The case for VAT on education is weak to non-existent

Dear Editor,

The decision by Dr Rupert Roopnaraine, Minister of Education, to meet five parents and Swami Aksharananda, educator, as representatives of the group protesting outside of his ministry against VAT on education services on April 5 was commendable. Coming on top of the Cabinet decision to hold a consultation with the public at the National Cultural Centre today Friday, April 7 at 11 am, there is some hope that the government is finally ready to reverse the decision to impose VAT on education.

Why it has taken the government over four months to do the right thing is baffling. Almost every argument by the government has been met with cogent, rational and compelling responses. Here are some of those arguments and the responses.

Argument 1: Only seven of some sixty private schools were tax compliant, a vague term at best.

Response: If that is so, then go after the non-compliant school owners and operators, not the parents and by extension their children. Moreover, the government might well find that many of those schools do not earn in excess of $15 million per year and are consequently exempt from paying VAT.

Argument 2: If parents can afford to send their children to private schools, they can afford to pay 14% VAT.

Response: Estimates of the profile of the parents sending their children to private schools as a whole, show that around 70% of the parents come from a combination of working class and lower middle class families and single parents making untold sacrifices. For many in that 70%, including some of the signatories to this letter, the 14% VAT might well make the cost unaffordable, and force the withdrawal of the child from such schools or reduce what is placed in their lunch kits. Is that what the government wants?

Argument 3: Parents have a choice.

Response: Have the policymakers spent any time analysing the performance of the private schools versus the public schools, or whether the public school system can absorb the several thousand current private school students? In terms of post-secondary education, what choice do students of the University of Guyana have? Does the public education system provide the necessary training for some of the skills which our economy demands, such as business courses and the training of pilots?

Argument 4: The private schools can absorb the VAT of 14%.

Response: This means that the schools are being asked to reduce their gross revenue by 12.28%. Almost without exception, any of Guyana’s most successful and high profile businesses having a reduction of gross revenue by 12.28%, would  pay less VAT, make a huge loss and therefore pay no Corporation Tax, be forced to lay off workers and be unable to finance capital expenditure.

Argument 5: Where will the $350 million come from, the government asks?

Response: People with the relevant expertise have answered this.  Here are a few of their proposals:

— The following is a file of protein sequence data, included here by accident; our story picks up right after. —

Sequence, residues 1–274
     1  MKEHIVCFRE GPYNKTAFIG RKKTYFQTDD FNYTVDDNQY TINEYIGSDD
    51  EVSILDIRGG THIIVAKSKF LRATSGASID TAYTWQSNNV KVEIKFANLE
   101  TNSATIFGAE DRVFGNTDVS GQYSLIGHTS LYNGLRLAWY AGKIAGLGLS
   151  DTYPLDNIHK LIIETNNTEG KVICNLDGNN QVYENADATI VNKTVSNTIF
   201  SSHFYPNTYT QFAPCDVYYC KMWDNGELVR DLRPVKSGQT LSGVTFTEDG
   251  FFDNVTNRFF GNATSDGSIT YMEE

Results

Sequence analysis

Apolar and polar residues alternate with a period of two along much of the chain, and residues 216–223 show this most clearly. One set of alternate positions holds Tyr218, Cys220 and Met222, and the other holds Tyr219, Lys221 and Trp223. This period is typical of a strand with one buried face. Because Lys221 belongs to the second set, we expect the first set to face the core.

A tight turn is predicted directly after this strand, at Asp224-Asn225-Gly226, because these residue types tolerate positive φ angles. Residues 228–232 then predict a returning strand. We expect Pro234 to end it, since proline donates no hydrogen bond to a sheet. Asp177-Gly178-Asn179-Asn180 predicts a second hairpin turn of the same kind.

1. Implement even partially, the recommendation made by the Tax Reform Committee (TRC) for an increase in the Excise Tax on tobacco and alcohol; this would more than treble the VAT the government says it would lose if it reverses the decision to charge VAT on education services. Incidentally, the Minister of Finance of Jamaica took the almost identical step in that country’s 2017-18 Budget announced last month.
  2. Make savings to, and/or cut recurrent expenditure by $1 out of every $500 dollars in the 2017 Budget.
  3. Save or cut 0.6 cents (less than one cent!) out of every dollar of the 2017 capital budget. The government consistently repeats that leakages in the capital budget amount to somewhere between 15 % and 20%, so 0.6% should be very easy.
  4. Increase the collection of non-VAT revenues by a mere $1 out of every $300 the GRA is budgeted to collect in 2017.
  5. Make an additional transfer to the government of 1.5% of the cash GGMC, GPL and Guyoil and other governmental bodies are holding, estimated at about $30 billion.

The case for VAT on education is weak to non-existent, counter-productive and illogical. Dr Roopnaraine, an educator himself, has a historic duty to see that the VAT on education is removed forthwith as the VAT was removed from health services after being imposed by the 2017 Budget.  Our sincere and fervent appeal is for the government to remove the VAT forthwith and if necessary, apply any of the five measures suggested.

Yours faithfully, 

Andaiye, Former Educator and Women’s Rights Activist

Melissa Ifill, Parent and Educator

Euborne Innis, Parent and Vendor

Odessa Washington, Parent and Itinerant Vendor

Troy Thomas, Parent and TIGI President

Kidackie Amsterdam, Parent and Educator

Deon Abrams, Parent and Educator

Nicola Marcus, Parent and Women Rights Activist

Thomas Singh, Parent and Educator

Christopher Ram, Accountant and Public Commentator.  

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